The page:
As for me, I’m getting pretty excited about a custom-made pair of leg warmers currently being knitted for me by the lovely Vilia Putrius. Her stuff is seriously amazing…can’t wait to see how these turn out!
Last night, I had the immense honor of taking the stage with some truly amazing dancers for Festival Ballet Providence‘s first performance of the new season. Along with my fellow company members, an inspiring lineup of guest artists from across North America gathered in the ocean state to support FBP in raising a greater awareness of the arts in our community. Among the celebrated dancers performing in the gala last night were New York City Ballet’s Daniel Ulbricht, National Ballet of Canada’s Greta Hodgkinson and Etienne Lavigne, Boston Ballet’s Adiarys Almeida and Avetik Karapetyan, and Ballet West’s Tom Mattingly and Beckanne Sisk (who also stars in the CW’s Breaking Pointe). It was insanely cool to be a part of this star-studded performance, and even cooler to watch some of the world’s best ballet dancers perform from the wings. Safe to say I won’t be forgetting this experience anytime soon!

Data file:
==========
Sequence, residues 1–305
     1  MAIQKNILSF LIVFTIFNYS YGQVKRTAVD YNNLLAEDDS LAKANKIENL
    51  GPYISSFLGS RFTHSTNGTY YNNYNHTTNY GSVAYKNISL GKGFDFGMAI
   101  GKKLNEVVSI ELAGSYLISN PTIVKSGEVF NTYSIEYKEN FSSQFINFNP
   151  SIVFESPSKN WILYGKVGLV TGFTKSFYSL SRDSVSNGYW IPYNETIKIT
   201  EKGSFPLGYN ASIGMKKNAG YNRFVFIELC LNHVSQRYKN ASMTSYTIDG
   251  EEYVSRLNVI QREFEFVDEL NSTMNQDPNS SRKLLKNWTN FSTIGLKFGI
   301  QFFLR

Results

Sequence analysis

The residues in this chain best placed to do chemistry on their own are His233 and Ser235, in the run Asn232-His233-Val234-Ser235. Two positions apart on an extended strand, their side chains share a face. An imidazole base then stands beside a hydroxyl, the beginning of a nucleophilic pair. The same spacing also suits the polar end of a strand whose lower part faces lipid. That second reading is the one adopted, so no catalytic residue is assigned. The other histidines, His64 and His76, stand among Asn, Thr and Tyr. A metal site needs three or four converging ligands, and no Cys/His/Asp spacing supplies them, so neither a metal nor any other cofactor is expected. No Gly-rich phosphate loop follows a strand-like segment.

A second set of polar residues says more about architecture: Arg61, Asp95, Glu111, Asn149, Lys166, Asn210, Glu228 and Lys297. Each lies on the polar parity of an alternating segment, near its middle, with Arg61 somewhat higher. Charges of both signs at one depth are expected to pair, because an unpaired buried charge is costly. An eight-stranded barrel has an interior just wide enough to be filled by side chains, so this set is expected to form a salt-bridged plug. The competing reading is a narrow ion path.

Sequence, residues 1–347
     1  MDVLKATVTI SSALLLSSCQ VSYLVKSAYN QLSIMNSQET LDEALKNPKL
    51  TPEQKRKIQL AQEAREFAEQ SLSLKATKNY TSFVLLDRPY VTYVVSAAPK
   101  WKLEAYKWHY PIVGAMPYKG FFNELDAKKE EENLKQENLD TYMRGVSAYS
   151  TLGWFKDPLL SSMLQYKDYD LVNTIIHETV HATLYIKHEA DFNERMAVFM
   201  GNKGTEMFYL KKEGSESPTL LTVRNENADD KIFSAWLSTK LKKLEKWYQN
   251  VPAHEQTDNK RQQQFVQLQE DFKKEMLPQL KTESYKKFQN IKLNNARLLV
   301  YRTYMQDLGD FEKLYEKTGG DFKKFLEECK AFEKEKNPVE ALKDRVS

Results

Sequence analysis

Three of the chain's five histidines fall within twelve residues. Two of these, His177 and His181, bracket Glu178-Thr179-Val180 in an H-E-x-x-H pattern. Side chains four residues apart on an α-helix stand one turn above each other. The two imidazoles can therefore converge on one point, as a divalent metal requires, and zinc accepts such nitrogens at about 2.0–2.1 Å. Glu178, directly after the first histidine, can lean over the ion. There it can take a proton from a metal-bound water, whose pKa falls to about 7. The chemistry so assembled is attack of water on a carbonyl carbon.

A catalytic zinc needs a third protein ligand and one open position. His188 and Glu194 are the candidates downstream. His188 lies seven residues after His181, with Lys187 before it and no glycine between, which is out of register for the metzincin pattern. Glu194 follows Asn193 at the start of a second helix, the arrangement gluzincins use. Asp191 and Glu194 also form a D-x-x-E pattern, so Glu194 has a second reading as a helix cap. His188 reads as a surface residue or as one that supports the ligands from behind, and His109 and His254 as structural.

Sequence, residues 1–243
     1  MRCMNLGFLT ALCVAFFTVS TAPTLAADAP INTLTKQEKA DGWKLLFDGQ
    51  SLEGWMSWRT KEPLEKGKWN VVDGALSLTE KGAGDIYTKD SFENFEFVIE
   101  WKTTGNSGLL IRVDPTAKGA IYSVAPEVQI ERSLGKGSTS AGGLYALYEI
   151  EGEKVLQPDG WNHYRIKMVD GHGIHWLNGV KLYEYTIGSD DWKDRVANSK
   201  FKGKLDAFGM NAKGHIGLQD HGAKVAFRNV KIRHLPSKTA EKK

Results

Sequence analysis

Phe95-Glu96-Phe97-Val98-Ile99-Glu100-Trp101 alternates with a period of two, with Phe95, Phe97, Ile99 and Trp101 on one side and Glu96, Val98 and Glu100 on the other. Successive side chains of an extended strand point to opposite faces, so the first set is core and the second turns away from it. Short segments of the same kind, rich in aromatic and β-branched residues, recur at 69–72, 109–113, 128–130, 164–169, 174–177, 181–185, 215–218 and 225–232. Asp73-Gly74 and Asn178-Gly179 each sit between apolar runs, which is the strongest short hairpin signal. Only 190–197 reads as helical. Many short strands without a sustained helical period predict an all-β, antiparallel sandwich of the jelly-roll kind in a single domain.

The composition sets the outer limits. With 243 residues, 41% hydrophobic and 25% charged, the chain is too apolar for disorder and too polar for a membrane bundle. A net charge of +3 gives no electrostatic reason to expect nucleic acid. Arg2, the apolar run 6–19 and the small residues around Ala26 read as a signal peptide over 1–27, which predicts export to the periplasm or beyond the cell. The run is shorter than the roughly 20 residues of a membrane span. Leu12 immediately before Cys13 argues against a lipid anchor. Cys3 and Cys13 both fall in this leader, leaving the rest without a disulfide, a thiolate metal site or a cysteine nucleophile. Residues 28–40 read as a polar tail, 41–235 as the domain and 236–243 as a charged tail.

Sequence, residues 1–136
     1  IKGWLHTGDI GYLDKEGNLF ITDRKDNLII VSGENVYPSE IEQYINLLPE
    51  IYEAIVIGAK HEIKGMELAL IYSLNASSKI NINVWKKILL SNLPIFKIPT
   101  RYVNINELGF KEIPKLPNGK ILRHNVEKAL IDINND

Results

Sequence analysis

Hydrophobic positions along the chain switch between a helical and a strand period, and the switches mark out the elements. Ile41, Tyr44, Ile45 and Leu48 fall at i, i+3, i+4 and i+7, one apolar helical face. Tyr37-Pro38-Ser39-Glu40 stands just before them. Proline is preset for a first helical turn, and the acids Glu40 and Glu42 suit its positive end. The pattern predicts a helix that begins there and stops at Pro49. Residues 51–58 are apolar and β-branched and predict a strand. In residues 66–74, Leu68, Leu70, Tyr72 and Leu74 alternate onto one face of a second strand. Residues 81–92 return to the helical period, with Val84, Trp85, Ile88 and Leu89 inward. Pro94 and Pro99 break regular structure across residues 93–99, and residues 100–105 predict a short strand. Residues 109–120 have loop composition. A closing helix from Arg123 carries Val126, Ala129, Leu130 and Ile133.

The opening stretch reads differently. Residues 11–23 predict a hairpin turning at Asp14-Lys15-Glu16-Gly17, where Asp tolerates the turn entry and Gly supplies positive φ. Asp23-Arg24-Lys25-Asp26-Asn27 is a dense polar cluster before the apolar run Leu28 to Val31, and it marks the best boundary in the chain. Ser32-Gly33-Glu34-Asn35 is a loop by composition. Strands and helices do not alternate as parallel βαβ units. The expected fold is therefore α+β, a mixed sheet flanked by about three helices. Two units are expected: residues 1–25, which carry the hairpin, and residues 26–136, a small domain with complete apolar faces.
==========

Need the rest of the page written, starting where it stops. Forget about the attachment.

You may think the style mavens that littered the steps of Lincoln Center during New York Fashion Week would be mere ghosts of themselves by now, but – always a step ahead – the fashion world had already planned something far too monumental to miss. Enter the annual New York City Ballet gala event. The theme? Valentino.
That’s right- the infamous designer, who has a bit more time on his hands due to his recent retirement from House of Valentino, created breathtaking original costumes for the dancers to don while performing at the star-studded event. It goes without saying that the marriage of world renowned designer Valentino and the always-impressive New York City Ballet (which bloomed from a long standing friendship between the designer and NYCB artistic director, Peter Martins) did not disappoint. There were graphic black and white pieces, stunning red tutus with pink and purple undertones, as well as a show stopping one-shouldered gown worn by Maria Kowroski (who I had the privilege of meeting this summer!).